Wednesday, April 21, 2021

Revisiting Aftermath!

 So I have been going back and taking a look at Aftermath! as a generic system. Having over 20 years of experience with the rules makes it an easy thing, plus we learned this game when we were kids so a lot just comes naturally.

First up, why? I like the system with the hit locations, special effects, and detailed combat. This is something that GURPS sort of gives me, but there is a whole lot more work involved. Sectional armor plus hit locations is a fun minigame to play, and if you have characters with cool armor sets made of different materials and protective values you get a really interesting simulation.

Bullets and damage are fun in this game, more so than GURPS. You get all sorts of fun special effects, but simplified from something as complex as Rolemaster. Also, a d20 (roll low) dice mechanic with a heavy reliance on ability score saving throws. Damage is straightforward with special effects that cascade out from rolled-for special effects (and is also expandable easily).

The system is also very calculated and math-like, once you get through what gets added to what to fill in what spot on the character sheet you are done. All your chances of success are on your character sheet. The system plays well from character sheets, and the special cases apply equally given situation X or Y. In fact, the game comes with a handy combat flowchart so you can't really get lost on how combat works.

Golden Age Sci-Fi

I wanted to use this game for something along a golden-age sci-fi game, but more gritty and realistic. If I have advanced aliens I will just generate them as age-group 5 characters and give them a ton of skills. My rule is +5 to ability scores and 10 skill points and eliminate rolling for development and attribute points. I purposefully avoid the Operation Morpheus generation system because it is way too bloated, and 10 skill points gets me a great starting character with room to grow.

For talents I assigned the following: -2, -1, 0, 0, +1, +2, and +3 to the seven values. I didn't roll since this lets me define strengths and weaknesses my way instead of randomly. You could roll random, your choice.

So in summary 80 attribute points, 25 talent points, 10 skill points, one firearm skill, literacy (x2), tech use (x2), culture (x2), two survival skills, and brawling.

Tech Use, Culture, and Literacy are Relative

Also, keep Tech Use, High Tech Use, and Literacy relative to the cultures. Tech Use becomes Earth Tech or Space Tech, and you pick your starting culture's Tech Use skill. This makes Martians have to learn how to use telephones, while Earthlings need to figure out Martian transport tubes. High Tech Use? Well, again, culture relative if you go there and really only applicable for the "super advanced" technology of the day, such as computers in the 50's and something like technology that was lost or theoretical to the Martians. 

Literacy and culture work similarly, Earth and Space, but let everyone read English and only roll for odd cases such as who Shakespeare or Guulilinak is in reference to classic literature of the planet. Culture is also similar, what is rock and roll and what is the Martian hoopa hop would be good areas for rolling.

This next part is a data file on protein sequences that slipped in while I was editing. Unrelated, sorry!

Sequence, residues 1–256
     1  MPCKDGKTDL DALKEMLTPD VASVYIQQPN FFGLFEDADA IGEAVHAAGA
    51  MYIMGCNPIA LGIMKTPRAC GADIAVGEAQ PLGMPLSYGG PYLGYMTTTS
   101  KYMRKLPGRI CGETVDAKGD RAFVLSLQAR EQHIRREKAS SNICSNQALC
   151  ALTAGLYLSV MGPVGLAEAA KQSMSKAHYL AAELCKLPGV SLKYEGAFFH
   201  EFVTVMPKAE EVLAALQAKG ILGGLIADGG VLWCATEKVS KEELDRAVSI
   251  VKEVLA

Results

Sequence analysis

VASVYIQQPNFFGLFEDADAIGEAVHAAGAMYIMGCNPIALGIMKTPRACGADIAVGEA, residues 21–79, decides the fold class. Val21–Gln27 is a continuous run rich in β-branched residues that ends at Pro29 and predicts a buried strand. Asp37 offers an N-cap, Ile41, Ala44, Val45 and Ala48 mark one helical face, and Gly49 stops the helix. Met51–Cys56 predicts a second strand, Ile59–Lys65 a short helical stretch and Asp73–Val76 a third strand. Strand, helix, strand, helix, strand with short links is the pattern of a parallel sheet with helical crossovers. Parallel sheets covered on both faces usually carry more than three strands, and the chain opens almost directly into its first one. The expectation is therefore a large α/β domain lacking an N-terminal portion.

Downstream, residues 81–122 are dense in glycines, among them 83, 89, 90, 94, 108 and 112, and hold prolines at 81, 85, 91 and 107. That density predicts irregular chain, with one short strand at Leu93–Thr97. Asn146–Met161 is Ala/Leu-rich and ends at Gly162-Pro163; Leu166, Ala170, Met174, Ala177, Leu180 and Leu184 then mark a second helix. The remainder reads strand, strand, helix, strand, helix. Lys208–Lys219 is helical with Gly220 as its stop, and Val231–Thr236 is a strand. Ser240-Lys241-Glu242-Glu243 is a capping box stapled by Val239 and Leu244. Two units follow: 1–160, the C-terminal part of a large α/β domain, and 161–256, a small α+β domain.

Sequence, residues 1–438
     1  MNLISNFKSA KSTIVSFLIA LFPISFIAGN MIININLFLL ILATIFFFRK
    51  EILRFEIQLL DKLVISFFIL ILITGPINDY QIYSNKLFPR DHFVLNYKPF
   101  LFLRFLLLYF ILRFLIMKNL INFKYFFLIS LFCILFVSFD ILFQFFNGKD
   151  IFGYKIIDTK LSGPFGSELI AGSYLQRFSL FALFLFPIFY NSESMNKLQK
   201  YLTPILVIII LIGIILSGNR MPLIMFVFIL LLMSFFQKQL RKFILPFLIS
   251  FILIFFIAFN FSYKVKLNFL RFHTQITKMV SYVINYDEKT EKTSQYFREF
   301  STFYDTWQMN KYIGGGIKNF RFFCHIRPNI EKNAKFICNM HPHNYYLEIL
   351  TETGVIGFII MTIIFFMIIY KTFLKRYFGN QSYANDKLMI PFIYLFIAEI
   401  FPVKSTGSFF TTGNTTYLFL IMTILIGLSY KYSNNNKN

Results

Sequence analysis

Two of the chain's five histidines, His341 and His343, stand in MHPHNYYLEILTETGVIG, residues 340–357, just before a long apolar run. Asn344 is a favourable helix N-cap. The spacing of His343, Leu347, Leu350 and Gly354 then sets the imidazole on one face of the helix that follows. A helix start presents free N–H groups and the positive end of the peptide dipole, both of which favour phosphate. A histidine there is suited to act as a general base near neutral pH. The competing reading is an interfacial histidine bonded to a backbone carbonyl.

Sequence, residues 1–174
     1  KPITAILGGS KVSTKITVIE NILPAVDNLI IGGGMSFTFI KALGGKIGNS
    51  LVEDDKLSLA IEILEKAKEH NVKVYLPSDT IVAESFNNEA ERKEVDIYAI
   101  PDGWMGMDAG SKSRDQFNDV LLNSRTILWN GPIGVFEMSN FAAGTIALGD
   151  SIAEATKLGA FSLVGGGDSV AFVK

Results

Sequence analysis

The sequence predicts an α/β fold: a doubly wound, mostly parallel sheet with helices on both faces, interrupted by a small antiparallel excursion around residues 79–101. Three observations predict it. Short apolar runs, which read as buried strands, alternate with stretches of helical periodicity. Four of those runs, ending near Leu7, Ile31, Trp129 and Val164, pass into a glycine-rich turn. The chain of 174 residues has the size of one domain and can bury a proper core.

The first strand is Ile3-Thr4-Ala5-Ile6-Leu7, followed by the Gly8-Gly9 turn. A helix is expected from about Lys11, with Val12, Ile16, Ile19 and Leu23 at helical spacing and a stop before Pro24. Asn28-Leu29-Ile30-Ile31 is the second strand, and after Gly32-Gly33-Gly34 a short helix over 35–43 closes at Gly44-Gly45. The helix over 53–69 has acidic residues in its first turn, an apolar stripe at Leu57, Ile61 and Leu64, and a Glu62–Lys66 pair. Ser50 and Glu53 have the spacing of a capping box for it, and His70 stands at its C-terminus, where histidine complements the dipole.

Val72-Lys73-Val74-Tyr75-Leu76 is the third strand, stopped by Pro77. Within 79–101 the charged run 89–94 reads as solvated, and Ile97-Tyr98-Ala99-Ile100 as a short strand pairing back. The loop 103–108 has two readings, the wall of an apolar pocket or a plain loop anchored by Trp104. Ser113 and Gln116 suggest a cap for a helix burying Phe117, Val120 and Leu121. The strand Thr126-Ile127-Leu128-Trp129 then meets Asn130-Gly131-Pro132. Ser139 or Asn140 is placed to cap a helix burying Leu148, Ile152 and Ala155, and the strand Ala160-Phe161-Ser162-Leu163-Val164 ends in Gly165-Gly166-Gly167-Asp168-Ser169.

Remarkably Flexible

One thing I love about Aftermath (that we knew all this time) is how remarkably flexible the game is to modify. This is a common trait to many old-school games, and I find a lot of the modern games are very easy to break and throw way out of balance. Some games exist to be completely out of balance and are further ruined by 3rd party content. The older games feel more grounded in "chance of success" and "consequences" and don't have these huge structured frameworks of class designs (that are never play tested well unless they are ancient and time-tested like B/X) bolted on them.

I can swap out the skill list. I can pare it down. I could put Gangbusters or Star Frontiers skills in there. I could do a decent Space Opera with the system. I could play fantasy. The post-apoc genre sits on the border of sci-fi and fantasy, and is grounded in modern day, so the system does everything reasonably well. I could do steampunk fine, and the whole BAP/MNA/PCA action system feels like clockwork mechanics anyways so it would thematically fit (and it isn't as complicated as I remember, just a phased initiative countdown system).

Plus you get vehicles and things that go boom. As kids, this killed D&D for us because we got to play with the big action-movie toys, real cool war stuff, and it just felt grand and epic, while being rooted in rules that were easily accessible from a single character sheet.

Simple and Fun

The system feels good to me. Likely because we used to run games that lasted years, and we played every day with a fast-and-loose version of the rules where we ignored hex maps and handled everything verbally. The characters start weak and grow to heroic proportions.

A fun system I am very comfortable using, and it feels like a great "mess around" home system with a lot of potential for random effects and outcomes in combat.

I am happy again going back, and that is something I didn't expect after spending nearly 20 years away.

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